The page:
How is it that the things closest to us are often the ones we least explore? I’ve lived in this area for almost my entire life, and this last weekend was the first time I hiked this trail that is less than an hour’s drive away.
My cousin gets the credit for introducing me to what became the inspiration for this soup. She brought the original recipe with her and said we should make this for dinner. When my cousin says “should” what she really means is “will”, but usually I’m game for whatever plans she concocts, so it works out anyway!
Yesterday marked our 12th wedding anniversary. Twelve years of messy boys, twelve years of dirty laundry, twelve years of weeding the garden. Twelve years of love.
I think the best thing about milopita is the fact that Greeks eat this for breakfast. Seriously, why wait till the end of the day for something this good?! I think they might be on to something, here.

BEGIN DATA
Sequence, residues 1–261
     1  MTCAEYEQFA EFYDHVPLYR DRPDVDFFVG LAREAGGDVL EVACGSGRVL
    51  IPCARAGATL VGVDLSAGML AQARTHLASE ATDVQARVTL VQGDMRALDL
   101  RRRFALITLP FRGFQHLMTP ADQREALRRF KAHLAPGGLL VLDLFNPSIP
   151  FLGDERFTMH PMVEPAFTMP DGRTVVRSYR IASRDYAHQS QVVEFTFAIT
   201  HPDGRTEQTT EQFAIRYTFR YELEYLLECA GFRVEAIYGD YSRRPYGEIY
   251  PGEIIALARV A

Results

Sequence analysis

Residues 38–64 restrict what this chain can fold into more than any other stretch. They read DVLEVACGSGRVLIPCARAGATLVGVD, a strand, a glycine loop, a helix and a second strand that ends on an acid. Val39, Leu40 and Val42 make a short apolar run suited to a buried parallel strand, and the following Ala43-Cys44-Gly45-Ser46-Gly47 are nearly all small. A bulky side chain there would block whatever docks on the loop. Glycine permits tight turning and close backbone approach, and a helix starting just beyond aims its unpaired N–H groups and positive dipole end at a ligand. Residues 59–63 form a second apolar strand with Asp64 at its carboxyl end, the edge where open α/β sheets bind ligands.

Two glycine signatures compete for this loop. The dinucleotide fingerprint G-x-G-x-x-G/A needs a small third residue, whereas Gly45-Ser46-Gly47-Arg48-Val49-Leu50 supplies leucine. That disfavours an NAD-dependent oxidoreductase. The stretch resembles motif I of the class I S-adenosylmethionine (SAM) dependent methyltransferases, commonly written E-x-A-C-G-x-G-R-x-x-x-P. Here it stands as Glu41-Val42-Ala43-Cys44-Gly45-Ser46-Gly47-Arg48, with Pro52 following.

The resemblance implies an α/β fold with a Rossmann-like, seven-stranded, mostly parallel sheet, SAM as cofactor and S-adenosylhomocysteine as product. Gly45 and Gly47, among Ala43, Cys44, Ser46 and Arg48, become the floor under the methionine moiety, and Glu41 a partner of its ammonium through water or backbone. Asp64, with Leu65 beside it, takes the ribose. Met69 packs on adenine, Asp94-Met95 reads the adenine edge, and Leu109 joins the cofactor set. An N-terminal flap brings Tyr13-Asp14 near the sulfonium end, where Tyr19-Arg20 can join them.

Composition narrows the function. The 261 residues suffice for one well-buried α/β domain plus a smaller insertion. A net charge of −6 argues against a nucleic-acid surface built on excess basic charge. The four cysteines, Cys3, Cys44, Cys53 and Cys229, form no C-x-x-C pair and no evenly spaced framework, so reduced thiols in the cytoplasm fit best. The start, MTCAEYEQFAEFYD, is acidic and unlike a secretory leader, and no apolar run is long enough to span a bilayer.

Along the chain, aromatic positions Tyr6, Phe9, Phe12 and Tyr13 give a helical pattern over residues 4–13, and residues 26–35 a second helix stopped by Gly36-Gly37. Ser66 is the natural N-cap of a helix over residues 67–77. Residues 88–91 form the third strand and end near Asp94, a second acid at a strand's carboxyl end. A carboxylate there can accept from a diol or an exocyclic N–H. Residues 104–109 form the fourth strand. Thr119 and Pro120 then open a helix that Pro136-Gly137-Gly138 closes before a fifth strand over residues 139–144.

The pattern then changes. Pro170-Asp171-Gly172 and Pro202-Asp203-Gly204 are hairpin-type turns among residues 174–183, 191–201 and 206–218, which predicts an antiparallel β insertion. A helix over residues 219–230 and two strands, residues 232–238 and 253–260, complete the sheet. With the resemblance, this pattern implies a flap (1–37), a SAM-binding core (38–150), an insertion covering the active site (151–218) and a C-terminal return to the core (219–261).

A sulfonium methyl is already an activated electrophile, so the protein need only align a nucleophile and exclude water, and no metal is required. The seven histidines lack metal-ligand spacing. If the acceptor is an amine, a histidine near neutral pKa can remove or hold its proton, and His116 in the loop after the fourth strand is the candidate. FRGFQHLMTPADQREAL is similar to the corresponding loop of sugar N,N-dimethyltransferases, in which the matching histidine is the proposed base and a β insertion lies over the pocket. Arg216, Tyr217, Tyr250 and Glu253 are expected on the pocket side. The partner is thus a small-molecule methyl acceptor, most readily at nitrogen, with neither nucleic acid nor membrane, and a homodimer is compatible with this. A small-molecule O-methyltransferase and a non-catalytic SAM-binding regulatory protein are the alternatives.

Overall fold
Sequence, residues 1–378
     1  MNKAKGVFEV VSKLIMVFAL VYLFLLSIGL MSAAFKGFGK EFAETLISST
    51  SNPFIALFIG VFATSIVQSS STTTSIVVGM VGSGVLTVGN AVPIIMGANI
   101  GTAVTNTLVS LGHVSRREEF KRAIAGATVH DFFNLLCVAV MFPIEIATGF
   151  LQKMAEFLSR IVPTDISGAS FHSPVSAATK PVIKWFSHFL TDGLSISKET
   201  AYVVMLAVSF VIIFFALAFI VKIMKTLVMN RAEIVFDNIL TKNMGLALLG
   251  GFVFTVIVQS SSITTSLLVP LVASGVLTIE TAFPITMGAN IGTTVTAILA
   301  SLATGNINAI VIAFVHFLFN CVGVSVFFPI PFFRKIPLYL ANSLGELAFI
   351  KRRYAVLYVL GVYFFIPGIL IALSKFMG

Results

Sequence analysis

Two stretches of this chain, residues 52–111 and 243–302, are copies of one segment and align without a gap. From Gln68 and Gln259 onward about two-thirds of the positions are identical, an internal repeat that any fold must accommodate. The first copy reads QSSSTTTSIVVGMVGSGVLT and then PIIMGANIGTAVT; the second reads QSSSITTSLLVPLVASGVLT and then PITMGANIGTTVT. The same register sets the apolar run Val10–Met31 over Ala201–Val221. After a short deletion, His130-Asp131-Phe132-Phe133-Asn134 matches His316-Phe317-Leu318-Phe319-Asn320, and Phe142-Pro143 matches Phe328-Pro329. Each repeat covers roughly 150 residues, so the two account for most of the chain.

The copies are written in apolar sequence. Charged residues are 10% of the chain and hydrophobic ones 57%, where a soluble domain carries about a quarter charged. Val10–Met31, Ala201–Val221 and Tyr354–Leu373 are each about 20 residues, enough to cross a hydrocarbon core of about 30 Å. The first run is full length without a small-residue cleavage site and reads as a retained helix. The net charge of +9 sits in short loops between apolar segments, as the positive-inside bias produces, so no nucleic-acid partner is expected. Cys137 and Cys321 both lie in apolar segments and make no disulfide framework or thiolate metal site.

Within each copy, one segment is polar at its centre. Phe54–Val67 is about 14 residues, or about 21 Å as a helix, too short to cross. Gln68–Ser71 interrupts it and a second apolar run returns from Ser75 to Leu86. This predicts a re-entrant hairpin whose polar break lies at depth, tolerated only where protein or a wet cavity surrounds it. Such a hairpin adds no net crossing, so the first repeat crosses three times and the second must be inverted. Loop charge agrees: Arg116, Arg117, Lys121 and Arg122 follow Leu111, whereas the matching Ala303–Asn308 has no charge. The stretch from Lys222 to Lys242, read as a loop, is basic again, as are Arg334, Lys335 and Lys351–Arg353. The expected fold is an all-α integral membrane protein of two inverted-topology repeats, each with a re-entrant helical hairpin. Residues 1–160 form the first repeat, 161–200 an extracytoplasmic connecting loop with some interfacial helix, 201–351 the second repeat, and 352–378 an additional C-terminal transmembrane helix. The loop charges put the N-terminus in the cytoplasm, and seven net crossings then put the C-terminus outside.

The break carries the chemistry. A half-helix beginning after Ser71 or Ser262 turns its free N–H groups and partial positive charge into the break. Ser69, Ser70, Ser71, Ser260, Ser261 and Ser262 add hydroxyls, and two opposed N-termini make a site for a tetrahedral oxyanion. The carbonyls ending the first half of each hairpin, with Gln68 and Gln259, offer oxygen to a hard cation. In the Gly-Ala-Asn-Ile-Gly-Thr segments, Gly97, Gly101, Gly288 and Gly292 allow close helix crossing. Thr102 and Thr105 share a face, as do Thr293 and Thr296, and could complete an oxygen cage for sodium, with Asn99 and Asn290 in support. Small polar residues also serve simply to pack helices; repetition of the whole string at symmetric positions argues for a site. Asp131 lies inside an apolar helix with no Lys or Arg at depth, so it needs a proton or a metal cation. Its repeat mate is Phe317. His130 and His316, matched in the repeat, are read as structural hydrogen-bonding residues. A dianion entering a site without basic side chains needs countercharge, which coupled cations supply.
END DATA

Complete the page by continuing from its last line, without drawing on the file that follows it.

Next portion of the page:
Last Sunday was a special day for my family. My new grandson was brought to church for the first time following the same kind of practice going back thousands of years. The same practice as when Jesus was brought to the synagogue when he was a baby.
Every year, millions of pounds of pumpkin gets tossed into the garbage. It’s a massacre of epic proportions and the saddest thing of all is that it doesn’t have to happen. Don’t listen to the lies!!!
No, it’s not Christmas, though I really love that time of the year, too. It’s autumn, the time when summer finally gets a clue that it’s time to leave!
It is easy to understand why Persephone was tempted by the pomegranate seeds offered to her by Hades, as told in the ancient Greek mythological story, even though eating them would condemn her to spend three months of each year in the dark underworld.
I had never heard of shakshuka before, and then in the span of a week I had three different sources bring this wondrous dish to my attention. The universe was speaking and I decided to listen.